Location of Thesis Examination
Room 4185 Support Services Building
Doctor of Philosophy
Dr. James Olson
After being hurt by a romantic partner, individuals may feel ambivalent towards their partner. Specifically, individuals’ feelings about their partner after a transgression (current attitudes) may be discrepant from how they want to feel about their partner (desired attitudes). When individuals are aware of such a discrepancy, they may be motivated to resolve it by using mental strategies (e.g., focusing on the positive characteristics of the partner or focusing on events that are not related to the transgression) that bring their current attitudes more in line with their desired attitudes, a process that has been labeled deliberate self-persuasion (Maio & Thomas, 2007). In three studies, we empirically tested the deliberate self-persuasion process within a forgiveness context. In Study 1, participants recalled a transgression within the last six months in which they were harmed by their romantic partner and indicated their responses to the transgression. In Study 2, participants imagined a hypothetical scenario in which they were harmed by their romantic partner and reported how they would respond to the transgression. In Study 3, participants who were transgressed against by their romantic partner within the last week were asked to indicate their reactions to the transgression over a three-week period. In general, more ambivalent feelings toward the transgressor were associated with more need to resolve the ambivalence. In turn, the need to resolve the discrepancy was sometimes associated with more use of deliberate self-persuasion strategies and was consistently associated with greater discussion of the transgression with the partner. Although the results indicated that participants may not always resolve their feelings of ambivalence using deliberate self-persuasion strategies, strategies predicted forgiving responses in all three studies. In addition, the use of deliberate self-persuasion strategies was associated in Study 3 with greater increases in forgiveness over time. The results from the current studies provide some empirical support for a deliberate self-persuasion model of forgiveness.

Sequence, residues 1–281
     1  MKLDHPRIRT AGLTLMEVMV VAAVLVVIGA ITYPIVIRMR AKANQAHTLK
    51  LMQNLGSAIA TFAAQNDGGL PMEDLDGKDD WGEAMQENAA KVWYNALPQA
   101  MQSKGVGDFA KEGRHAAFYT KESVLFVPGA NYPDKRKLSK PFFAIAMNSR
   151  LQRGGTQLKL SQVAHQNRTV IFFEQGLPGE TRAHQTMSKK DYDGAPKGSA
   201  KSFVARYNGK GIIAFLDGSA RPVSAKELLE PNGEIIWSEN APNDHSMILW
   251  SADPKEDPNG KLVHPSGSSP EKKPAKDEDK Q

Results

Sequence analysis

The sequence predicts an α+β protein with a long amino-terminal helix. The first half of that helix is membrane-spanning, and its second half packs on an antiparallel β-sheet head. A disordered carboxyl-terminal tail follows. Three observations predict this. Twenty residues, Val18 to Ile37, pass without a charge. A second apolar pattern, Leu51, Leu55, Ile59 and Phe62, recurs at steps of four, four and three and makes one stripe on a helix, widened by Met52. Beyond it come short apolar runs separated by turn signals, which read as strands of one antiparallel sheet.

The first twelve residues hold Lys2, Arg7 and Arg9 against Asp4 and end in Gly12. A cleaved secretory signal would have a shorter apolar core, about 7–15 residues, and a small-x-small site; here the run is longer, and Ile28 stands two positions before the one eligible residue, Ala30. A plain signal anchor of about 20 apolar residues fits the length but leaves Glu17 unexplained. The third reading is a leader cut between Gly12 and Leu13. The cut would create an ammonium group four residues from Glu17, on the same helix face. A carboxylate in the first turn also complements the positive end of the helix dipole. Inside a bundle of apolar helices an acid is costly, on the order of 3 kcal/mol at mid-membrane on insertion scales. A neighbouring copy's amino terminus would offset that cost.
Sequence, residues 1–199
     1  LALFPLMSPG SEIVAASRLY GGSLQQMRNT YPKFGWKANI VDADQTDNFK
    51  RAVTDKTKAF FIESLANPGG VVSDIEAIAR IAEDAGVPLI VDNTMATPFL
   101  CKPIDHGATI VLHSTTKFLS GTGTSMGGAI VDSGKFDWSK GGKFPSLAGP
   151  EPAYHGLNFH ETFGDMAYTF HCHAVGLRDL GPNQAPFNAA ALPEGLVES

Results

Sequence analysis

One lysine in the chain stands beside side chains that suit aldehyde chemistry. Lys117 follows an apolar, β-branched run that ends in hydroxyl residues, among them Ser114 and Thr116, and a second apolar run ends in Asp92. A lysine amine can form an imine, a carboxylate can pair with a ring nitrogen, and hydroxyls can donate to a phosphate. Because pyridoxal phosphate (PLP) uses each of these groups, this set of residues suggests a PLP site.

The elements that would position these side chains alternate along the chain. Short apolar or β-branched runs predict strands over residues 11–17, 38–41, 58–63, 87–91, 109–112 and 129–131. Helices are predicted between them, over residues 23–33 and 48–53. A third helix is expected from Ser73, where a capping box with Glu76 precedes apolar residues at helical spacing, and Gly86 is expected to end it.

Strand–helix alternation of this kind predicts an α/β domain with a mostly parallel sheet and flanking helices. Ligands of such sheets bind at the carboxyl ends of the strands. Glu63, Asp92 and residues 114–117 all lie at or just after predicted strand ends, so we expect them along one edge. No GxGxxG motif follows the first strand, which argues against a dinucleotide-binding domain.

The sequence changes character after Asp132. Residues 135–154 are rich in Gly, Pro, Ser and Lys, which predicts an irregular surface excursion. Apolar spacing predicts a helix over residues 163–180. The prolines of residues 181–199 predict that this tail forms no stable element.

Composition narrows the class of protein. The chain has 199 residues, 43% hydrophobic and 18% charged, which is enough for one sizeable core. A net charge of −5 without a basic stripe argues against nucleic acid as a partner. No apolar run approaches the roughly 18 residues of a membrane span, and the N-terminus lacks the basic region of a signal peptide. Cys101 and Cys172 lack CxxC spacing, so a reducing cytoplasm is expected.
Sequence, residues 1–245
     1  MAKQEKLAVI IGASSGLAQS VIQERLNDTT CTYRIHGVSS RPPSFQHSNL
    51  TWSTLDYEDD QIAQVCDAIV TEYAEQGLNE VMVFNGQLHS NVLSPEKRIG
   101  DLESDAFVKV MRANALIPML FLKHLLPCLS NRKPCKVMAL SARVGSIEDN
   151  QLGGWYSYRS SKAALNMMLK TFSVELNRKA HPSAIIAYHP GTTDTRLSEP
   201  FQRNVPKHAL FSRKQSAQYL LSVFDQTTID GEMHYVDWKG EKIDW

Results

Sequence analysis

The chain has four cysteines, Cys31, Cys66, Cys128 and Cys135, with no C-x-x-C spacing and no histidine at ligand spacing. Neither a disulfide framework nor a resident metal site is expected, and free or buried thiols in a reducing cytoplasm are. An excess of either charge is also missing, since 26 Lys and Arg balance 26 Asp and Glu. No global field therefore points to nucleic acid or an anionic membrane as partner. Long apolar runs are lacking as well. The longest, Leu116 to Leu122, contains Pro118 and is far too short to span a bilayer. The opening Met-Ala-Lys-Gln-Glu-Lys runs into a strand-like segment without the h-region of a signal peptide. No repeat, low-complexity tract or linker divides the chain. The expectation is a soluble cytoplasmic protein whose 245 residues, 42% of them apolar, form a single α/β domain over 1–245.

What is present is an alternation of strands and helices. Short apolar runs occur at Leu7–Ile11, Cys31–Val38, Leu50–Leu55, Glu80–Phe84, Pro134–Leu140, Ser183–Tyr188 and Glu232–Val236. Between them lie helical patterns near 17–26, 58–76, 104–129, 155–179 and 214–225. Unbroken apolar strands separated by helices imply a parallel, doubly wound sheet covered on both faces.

Cheung, Irene, "Deliberate Self-Persuasion and Forgiveness" (2012). University of Western Ontario - Electronic Thesis and Dissertation Repository. Paper 421.